Janeway: A Twenty-First Century Open Access Publishing Platform

Martin Paul Eve takes us behind the scenes to describe the development of Janeway, Birkbeck College's platform for scholarly communication that is used by universities in multiple countries and reveals the origin of the name of the platform.

Janeway  is an open-source, open-access, modern scholarly communications platform built with usability and speed in mind. For an early look aat Janeway, look at the article Andy Byers and I wrote for Insights in 2018, “Janeway: A Scholarly Communications Platform”. Based in the Centre for Technology and Publishing at the University of London’s Birkbeck College, we decided, four years ago, that we wanted control of our workflows. We thus entered into respectful competition with other providers in this space, most notably Open Journal Systems.

The project is openly licensed and developed, meaning that others can use it for free as they see fit (although the AGPL license does mean that if you download the code and customize it for your own use, you will have to contribute your changes back). We also run a hosting service, though, for those who don’t wish to run their own instances. This has proved popular with university presses, such as Iowa State University Digital Press. Janeway is also used by Huddersfield University Press, ID Pro, UCL Press Michigan Publishing, the University of Essex and the University of West London. It will soon be in use by California Digital Library to support preprints projects.

Janeway is written in python using the Django framework. This makes it relatively easy for a worldwide community of developers to work on—and to adapt—the project. And adaptability and re-use was one of our core goals. Hence, although Janeway was originally developed as a journal publishing solution for the Open Library of Humanities, a good example of a repurposing is the team at Carnegie Mellon University who adapted Janeway into ETHOS: the Encyclopedia of the History of Sciencehttps://lps.library.cmu.edu/ETHOS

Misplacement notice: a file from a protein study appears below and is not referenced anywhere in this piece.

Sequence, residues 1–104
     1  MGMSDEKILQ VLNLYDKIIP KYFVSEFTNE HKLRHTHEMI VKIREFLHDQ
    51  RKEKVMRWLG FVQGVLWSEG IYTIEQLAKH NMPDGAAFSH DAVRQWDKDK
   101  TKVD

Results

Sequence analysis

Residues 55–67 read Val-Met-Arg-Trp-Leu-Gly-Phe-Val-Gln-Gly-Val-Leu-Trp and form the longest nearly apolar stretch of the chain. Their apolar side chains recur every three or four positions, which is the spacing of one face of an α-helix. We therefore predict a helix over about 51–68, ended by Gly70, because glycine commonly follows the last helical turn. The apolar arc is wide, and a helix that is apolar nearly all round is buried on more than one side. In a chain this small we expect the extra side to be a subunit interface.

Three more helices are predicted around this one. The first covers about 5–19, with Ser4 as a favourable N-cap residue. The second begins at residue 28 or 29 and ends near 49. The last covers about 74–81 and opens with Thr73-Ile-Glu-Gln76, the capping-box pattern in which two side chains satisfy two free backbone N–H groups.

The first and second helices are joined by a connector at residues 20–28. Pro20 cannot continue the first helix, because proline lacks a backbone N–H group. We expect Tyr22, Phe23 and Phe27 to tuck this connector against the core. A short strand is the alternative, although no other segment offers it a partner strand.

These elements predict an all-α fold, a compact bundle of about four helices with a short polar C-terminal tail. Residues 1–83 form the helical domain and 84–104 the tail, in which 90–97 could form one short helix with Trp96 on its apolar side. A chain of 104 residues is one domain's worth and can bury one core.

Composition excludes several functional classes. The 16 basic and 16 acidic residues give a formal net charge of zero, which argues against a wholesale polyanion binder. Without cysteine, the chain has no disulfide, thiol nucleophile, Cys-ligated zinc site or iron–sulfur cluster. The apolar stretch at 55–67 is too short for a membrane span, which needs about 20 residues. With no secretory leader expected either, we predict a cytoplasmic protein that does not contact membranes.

Interoperability is key in the current scholarly communications environment. We know that library publishers do not want to find themselves locked into one specific solution with one particular vendor. To date, our work on interoperability has mostly focused on a comprehensive import suite. We want, obviously, to make it as easy as possible for people on other platforms to move to Janeway. However, our recent work with the Next Generation Library Publishing (NGLP) project has encouraged us to think more holistically about import/export. Janeway has a range of standardised output formats, including the Open Archives Initiative Protocol for Metadata Harvesting and JATS XML exports.

But we have also worked with NGLP and Cast Iron Coding to develop a unified interface, the “Web Delivery Platform”, that manages to standardise the interface between several systems. This gives us the advantage of a customised backend workflow with a harmonised frontend. In theory, users could move between systems for their manuscript submission systems without changing the end-user experience of published material.

We also understand the importance of values-aligned service provision. Too often, library publishers and others have found themselves working with an entity that they thought shared their values, only to find that organisation has been bought by a large, for-profit entity. Our Janeway hosting service is operated out of a UK university: a charity bound to serve the public good of education. Indeed, Birkbeck College has a 200-year history of providing education to those who were traditionally excluded. In many ways, we were the original ‘open access’.

It is worth noting that Janeway is specifically designed for open-access publishing. We believe that the greatest good from research comes when it is free to all, without paywalls. If others want to build a paywall system for Janeway, they are welcome to do so under the terms of the open-source license. We, however, will never do so. We also will not accept any incoming code requests that add paywall features.

Where next? We hope, in the next phase of NGLP, to expand our hosting offering but also our interoperability. On the technical front, working with other providers who share our goals, we seek to create a standard object description language that will allow platforms to communicate with one another and to transfer objects between platforms. On the sustainability front, the more clients using the software, the more revenue we have to continue our development work. We are a small team but we welcome contributions either financial or technical that will further the project. Most importantly, though, we’re always open to the community. If any of the above appeals and you think you can help – or are interested in hearing more – do please get in touch.

And last… about the name. We like strong female science fiction leads. Whether or not we’re future proof for the twenty-fourth century is perhaps a different matter...

Martin Paul Eve is Strategic Lead in Digital Education, Professor of Literature, Technology and Publishing, Birkbeck, University of London